The suspect in that case, Neal Mack, maintains that Horne saved his life.
Horne has been fighting for her pension ever since, but to date, has given up her career for standing up to a fellow officer.
3. Justin Hanners Fired For Speaking Out Against Illegal Quotas
Auburn Police Officer Justin Hammers was upset to learn that he would be expected to make 100 ‘contacts’ per month. While 40 could be just traffic warnings, the other 60 had to come from citations, field interviews, and arrests.
Then Sergeant Terry Neal was recorded saying “Let’s go out here and make some contacts, put some asses in jail, write some tickets and all that neat, fun stuff we signed up to do when we signed up to do this job.”
Office Hanners disagreed with the policy: “The role of policy in society, I believe, are to interfere with the lives of people as little as possible… but protect them from the one percent element that wants to victimize them,” Hanners told Reason TV. “Let them be free to live their lives, but protect the people and property — that’s what they pay us to do.”
Hanners sent a formal grievance too the director of public safety. When he refused to drop the complaint, he was fired.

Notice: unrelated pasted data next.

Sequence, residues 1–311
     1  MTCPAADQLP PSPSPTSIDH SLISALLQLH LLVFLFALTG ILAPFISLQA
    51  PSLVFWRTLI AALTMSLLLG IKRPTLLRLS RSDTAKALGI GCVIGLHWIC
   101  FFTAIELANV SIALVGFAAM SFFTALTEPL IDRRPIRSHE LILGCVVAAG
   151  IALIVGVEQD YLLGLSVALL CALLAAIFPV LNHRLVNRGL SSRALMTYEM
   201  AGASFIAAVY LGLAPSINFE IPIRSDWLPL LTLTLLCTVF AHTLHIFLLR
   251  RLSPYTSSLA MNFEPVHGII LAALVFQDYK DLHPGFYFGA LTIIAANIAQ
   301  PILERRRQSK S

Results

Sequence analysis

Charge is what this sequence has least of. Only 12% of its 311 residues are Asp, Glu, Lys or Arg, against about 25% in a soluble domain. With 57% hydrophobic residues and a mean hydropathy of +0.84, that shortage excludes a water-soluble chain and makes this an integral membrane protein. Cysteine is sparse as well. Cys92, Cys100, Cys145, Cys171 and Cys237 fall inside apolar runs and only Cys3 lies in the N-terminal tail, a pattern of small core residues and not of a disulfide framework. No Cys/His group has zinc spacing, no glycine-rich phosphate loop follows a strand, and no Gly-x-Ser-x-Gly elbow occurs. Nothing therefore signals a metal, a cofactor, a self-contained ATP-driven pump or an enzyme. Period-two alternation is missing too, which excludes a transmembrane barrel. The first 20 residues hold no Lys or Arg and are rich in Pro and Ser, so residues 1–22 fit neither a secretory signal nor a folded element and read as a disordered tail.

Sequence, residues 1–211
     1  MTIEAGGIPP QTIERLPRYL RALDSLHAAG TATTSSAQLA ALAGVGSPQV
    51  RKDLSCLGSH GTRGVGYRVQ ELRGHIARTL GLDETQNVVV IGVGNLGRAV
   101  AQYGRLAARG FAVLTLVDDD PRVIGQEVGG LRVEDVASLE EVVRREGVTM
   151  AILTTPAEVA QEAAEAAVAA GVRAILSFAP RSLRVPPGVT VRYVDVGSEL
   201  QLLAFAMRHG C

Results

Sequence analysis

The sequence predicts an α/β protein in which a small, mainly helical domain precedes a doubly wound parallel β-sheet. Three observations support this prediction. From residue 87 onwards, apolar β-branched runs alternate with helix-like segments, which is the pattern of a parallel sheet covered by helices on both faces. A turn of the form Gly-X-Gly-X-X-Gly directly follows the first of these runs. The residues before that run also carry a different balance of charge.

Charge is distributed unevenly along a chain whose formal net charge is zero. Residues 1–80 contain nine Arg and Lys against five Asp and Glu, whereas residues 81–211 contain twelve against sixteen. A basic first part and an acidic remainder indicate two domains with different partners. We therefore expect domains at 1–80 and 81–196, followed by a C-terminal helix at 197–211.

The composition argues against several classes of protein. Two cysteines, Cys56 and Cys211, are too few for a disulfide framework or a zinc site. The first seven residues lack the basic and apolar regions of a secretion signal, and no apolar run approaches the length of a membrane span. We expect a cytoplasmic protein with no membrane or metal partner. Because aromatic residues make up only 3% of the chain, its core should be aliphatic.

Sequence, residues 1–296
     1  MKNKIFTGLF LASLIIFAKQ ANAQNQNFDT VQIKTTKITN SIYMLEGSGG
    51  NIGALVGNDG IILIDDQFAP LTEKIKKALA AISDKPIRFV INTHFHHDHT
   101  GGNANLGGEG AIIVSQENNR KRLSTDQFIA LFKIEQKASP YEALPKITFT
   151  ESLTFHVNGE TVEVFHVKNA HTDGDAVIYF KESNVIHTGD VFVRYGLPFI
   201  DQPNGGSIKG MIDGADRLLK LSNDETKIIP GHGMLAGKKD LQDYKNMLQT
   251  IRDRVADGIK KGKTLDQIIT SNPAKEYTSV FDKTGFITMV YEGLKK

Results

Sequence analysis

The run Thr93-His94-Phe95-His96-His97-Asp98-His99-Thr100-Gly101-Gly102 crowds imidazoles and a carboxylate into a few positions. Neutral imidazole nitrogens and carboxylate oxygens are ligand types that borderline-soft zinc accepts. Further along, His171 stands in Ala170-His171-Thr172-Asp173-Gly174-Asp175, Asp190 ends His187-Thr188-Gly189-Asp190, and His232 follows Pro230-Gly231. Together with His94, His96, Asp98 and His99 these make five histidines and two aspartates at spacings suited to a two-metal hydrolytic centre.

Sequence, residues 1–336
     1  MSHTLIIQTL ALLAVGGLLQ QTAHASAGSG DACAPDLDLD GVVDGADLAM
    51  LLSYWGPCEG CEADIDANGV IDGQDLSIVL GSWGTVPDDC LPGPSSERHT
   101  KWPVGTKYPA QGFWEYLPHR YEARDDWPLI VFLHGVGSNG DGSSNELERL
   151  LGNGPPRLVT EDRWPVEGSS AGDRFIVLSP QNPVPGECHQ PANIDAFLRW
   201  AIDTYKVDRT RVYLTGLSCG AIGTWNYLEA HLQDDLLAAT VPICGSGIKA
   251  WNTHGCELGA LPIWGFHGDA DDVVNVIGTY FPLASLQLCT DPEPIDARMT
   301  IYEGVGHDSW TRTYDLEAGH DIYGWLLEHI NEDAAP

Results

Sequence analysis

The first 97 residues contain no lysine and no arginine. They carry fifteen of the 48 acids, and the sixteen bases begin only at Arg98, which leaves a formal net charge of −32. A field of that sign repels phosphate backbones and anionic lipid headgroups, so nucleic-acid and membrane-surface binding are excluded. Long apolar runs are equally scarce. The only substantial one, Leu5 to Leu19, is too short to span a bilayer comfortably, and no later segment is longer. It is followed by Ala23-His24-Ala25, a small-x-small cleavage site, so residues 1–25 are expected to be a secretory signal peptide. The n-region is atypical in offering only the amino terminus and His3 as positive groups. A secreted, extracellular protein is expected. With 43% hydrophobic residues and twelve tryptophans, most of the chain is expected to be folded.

I am friends with several police officers. They are not racists or bigots, so far as I can tell. They are good men, of sound character. I understand that they may be disheartened to see me use the #ACAB hashtag.
But the history of institutional policing in the United States is clear. While all cops may not be bad people, the act of being the enforcer in a system which continues to operate outside what is necessary for the peace of our communities is a bad role.
Until sweeping, lasting and meaningful reforms are made to police departments, it’s well justified to condemn the institution at large. It would take so little to start to restore faith.
In a conversation with one of the few conservatives I am friends with, he pointed out that simply coming forward and saying that every death at the hands of police will be fully investigated, and include a community board, would cost nothing, and show that they are committed to reform. But most have been silent, or offered empty platitudes.
Or, worse, we see places like Broward County that invite those who have been fired for excessive force to join their ranks. How can we have good faith in moving forward when some are outspoken on maintaining the status quo we protest against?
Until police forces endorse and support good cops, until they commit to ensuring bad cops will be weeded out, the institution festers in rot.
And in that rot, all cops become bad.